“Music is a Responsibility”

Interview with jazz drummer and composer Devin Gray

For jazz musician and composer Devin Gray, music is more than just a passion and career; it’s a responsibility. He would know. Although only 32 years old, Devin finds inspiration from jazz greats of all ages, including David Liebman. We asked Gray about the power of music and his life as a top call drummer in the New York jazz scene.

Q: Where does your musical inspiration come from?

Gray: The short answer is the interaction between nature, cities and the people I work with. New York City has so much to offer, but when I go back to Maine it gives me a different perspective. Another thing I love to do is travel. I love seeing different people’s cultures and learning how they live. Travel definitely impacts the music I create.

Q: How would you describe your musical style?

Gray: Most of it comes out of experimentation. If I only had a few words to describe it, I would say it's alive, interactive, risky, thoughtful and colorful. My music as a composer is somewhere in between pop music, contemporary classical and improvised jazz music. It comes from many different sources, including research and contemplative reflection. For instance, I think about how the music relates to what I am doing in my life and the people I am working with.

Q: What musicians have influenced your music?

Gray: My favorite musicians are the type of people who are extremely talented and good at what they do, but who remain extremely humble. The way they approach everything has this fresh creative lightness to it. When you are working with them you feel like you are doing something very important with your best friends. Some of the first musicians who I experienced this feeling with were saxophonist Tony Malaby, saxophonist Gary Thomas, saxophonist David Liebman and bass player Michael Formanek.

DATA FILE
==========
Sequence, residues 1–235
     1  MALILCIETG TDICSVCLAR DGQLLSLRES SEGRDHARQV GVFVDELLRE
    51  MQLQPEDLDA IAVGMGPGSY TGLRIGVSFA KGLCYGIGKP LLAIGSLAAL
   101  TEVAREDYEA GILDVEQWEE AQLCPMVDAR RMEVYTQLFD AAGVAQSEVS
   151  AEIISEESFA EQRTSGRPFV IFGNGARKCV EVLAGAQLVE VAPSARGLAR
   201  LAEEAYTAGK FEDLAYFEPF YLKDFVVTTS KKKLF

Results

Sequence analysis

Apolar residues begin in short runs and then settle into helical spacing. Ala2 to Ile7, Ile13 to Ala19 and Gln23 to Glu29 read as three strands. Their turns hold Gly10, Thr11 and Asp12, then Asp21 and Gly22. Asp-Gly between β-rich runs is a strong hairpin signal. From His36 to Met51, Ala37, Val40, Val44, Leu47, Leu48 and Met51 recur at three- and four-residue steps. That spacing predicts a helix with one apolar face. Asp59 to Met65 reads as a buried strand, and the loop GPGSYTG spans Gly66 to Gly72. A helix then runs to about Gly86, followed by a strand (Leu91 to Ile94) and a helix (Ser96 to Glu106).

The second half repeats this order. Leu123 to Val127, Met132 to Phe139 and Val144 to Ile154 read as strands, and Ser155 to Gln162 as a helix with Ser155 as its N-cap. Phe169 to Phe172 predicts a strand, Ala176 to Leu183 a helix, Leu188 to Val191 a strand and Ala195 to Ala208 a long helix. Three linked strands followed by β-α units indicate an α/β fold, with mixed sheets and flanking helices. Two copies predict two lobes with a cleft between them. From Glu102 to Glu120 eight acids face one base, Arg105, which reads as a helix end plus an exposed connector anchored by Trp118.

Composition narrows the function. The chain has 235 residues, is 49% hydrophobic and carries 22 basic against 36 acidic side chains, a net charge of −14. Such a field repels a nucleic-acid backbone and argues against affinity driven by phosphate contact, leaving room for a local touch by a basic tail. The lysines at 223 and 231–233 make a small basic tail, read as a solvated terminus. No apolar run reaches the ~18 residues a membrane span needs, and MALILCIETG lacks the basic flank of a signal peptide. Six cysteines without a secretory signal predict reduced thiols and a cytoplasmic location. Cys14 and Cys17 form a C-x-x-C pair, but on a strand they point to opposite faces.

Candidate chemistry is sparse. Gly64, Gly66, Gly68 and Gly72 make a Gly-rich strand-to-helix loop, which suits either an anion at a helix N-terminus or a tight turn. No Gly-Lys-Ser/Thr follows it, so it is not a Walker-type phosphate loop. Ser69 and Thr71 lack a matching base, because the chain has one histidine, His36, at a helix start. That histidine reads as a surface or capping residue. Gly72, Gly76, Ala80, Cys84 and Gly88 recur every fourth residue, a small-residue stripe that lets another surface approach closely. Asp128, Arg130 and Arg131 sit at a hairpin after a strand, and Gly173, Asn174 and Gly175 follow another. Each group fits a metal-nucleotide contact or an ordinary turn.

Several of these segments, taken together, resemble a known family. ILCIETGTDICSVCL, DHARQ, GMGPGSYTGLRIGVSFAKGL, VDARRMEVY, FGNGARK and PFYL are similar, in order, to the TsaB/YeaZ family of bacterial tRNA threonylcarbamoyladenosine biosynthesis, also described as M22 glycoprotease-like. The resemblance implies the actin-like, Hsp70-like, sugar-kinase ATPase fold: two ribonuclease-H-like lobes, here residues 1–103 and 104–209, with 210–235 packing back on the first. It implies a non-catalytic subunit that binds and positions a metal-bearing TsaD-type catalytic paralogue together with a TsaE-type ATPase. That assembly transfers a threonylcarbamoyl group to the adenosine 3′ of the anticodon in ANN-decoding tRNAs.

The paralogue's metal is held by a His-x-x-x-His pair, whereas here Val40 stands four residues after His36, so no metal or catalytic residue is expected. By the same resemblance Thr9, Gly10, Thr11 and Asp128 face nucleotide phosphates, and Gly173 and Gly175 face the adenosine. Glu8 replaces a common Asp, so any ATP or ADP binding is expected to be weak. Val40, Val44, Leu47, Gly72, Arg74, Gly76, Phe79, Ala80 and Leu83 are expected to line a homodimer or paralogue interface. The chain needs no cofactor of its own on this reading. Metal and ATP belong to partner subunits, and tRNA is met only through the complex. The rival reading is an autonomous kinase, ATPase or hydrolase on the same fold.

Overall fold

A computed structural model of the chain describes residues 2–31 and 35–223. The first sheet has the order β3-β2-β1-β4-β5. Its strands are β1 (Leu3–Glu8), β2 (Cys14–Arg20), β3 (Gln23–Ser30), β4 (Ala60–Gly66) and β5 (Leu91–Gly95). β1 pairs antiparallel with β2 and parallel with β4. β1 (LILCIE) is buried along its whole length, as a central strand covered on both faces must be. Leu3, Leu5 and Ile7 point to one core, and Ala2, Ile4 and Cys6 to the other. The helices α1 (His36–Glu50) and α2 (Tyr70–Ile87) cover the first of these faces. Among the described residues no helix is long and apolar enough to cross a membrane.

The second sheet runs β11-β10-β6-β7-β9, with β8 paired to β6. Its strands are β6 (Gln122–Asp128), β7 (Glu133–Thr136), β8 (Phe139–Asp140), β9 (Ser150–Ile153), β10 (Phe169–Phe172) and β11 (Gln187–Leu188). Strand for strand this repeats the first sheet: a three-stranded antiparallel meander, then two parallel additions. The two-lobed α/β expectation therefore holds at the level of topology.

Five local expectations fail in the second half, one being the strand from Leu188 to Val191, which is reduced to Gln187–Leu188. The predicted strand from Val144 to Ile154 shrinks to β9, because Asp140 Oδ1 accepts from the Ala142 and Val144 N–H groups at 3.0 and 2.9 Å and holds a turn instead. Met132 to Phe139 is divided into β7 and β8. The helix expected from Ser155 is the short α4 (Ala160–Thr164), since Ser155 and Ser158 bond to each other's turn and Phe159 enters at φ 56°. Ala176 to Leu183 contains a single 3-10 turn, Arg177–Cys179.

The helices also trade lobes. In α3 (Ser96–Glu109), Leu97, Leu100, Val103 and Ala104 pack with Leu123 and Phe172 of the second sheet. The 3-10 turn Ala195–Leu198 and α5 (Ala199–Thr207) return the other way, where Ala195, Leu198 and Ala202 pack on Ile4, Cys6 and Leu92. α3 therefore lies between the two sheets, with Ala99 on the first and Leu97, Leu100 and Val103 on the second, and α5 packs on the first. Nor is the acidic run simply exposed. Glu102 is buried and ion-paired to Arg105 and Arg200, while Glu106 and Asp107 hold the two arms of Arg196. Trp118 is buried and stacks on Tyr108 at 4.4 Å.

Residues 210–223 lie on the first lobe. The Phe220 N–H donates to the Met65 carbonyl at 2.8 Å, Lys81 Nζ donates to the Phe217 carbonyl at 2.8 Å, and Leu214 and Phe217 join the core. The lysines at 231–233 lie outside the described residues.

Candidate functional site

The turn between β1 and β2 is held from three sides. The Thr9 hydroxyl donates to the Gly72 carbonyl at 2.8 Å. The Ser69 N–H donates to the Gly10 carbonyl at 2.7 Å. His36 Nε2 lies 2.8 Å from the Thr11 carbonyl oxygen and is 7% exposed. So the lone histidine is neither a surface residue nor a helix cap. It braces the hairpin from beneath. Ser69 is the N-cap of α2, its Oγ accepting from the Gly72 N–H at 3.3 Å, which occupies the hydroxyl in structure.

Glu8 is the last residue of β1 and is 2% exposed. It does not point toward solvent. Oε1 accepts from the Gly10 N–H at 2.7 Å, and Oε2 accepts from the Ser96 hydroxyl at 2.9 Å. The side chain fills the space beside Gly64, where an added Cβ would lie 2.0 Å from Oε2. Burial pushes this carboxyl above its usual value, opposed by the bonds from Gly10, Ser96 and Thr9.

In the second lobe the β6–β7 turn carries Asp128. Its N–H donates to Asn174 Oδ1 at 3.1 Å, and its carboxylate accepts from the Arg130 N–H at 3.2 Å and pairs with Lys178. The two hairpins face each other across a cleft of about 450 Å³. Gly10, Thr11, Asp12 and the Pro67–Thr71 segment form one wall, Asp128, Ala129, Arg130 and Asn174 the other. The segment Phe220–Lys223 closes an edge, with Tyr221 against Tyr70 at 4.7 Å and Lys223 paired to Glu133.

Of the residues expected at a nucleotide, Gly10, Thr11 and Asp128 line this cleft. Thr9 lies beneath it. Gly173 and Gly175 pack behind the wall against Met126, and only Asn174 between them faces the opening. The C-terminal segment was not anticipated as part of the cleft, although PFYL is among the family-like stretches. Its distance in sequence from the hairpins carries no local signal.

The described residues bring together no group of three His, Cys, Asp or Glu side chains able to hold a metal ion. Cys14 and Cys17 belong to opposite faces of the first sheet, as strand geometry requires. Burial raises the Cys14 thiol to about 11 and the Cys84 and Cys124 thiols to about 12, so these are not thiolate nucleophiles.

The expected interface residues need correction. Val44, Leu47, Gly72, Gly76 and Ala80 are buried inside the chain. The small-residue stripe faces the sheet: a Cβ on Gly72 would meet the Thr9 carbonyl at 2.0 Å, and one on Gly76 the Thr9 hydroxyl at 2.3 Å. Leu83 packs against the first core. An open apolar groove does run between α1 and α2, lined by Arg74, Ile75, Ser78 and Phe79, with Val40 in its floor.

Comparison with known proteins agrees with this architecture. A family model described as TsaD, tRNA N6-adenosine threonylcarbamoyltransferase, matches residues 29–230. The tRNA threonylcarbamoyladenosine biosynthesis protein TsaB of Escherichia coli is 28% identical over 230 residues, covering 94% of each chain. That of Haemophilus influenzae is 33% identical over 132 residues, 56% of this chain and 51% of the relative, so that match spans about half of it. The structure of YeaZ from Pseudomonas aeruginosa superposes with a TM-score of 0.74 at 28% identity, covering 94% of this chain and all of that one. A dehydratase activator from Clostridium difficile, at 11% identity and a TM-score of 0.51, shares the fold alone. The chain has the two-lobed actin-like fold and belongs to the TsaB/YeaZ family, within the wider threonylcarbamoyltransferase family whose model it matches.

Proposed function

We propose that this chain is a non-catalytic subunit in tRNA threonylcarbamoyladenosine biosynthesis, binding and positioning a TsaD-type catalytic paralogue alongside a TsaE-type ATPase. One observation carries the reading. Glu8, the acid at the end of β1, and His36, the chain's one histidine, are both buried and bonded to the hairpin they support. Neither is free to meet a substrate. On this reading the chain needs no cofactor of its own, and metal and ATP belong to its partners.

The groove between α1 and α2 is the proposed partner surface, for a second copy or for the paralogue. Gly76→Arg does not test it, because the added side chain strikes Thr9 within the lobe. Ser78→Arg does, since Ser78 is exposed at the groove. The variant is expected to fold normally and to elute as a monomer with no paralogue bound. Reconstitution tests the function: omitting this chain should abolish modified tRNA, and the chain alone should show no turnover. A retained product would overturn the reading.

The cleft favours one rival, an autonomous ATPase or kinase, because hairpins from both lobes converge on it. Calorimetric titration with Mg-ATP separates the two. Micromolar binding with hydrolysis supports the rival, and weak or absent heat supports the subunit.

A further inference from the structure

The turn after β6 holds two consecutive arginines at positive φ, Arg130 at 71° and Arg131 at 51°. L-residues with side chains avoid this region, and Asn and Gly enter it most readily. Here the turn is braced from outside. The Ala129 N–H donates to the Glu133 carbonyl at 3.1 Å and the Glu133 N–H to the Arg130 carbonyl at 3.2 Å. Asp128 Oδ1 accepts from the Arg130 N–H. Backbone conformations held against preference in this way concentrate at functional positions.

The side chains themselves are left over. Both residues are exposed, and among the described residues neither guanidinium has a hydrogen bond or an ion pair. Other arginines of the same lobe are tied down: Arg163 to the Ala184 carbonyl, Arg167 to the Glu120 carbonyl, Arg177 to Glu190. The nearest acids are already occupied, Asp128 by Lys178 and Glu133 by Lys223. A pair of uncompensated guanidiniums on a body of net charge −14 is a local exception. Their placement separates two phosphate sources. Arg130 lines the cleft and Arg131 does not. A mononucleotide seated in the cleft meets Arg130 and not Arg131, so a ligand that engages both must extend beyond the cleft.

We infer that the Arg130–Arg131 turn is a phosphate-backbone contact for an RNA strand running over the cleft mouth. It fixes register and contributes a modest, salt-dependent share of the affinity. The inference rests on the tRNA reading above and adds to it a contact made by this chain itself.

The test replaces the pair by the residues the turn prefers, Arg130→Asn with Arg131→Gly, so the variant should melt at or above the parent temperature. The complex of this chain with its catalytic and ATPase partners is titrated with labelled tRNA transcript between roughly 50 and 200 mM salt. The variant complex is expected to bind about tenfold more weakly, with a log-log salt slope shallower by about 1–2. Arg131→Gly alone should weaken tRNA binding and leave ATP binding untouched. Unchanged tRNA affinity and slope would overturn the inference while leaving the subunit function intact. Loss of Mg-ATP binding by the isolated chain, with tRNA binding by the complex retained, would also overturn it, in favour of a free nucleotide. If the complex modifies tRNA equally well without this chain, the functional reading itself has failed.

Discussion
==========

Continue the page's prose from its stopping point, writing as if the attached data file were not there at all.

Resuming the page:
Q: Speaking of David Liebman, how did you two meet?

Gray: I first came across David in graduate school while he was leading the program at Manhattan School of Music. Being his student, I was fortunate to get a much closer look into his mind. He is an amazing thinker as well as performer. He’s a heavy artist who's aware, bold and in control. His advice when we were students was so real and on point. When I finally got the opportunity to play with him it all made even more sense. He is very supportive of the younger generation’s jazz careers.

Q: If you could meet any musician, alive or dead, who would it be?

Gray: Miles Davis — he had this energy and spirit that was almost tangible. What I like most about him was his overall artistry. It was present in the way he did literally everything, including how he performed his music to fellow musicians and how he delivered it to the public.

Q: What projects have you been working on lately?

Gray: There are lot of projects. My band released an album, “RelativE ResonancE,” in the beginning of June 2015. I also just wrote some music for eight musicians. But in this instance, I wasn’t playing drums, I was conducting the music, which was really intense. For me, it’s a super luxury to be able to be a drummer and a composer.

Q: How do you think music impacts our lives?

Gray: It makes you really “feel,” you know? It can change all of life’s energy for good and bad at the drop of a dime. And most importantly, I think it’s deeply rooted in your soul and your body.

Q: How does High-Resolution Audio enhance listening to jazz?

Gray: People (myself included) that literally work with sound for a living know that sound quality becomes very valuable and can really change the listening experience. Listening to bad sound quality can literally wear you down. If you’re going to make music a huge part of your life, it’s important to not be bogged down by the lack of quality.

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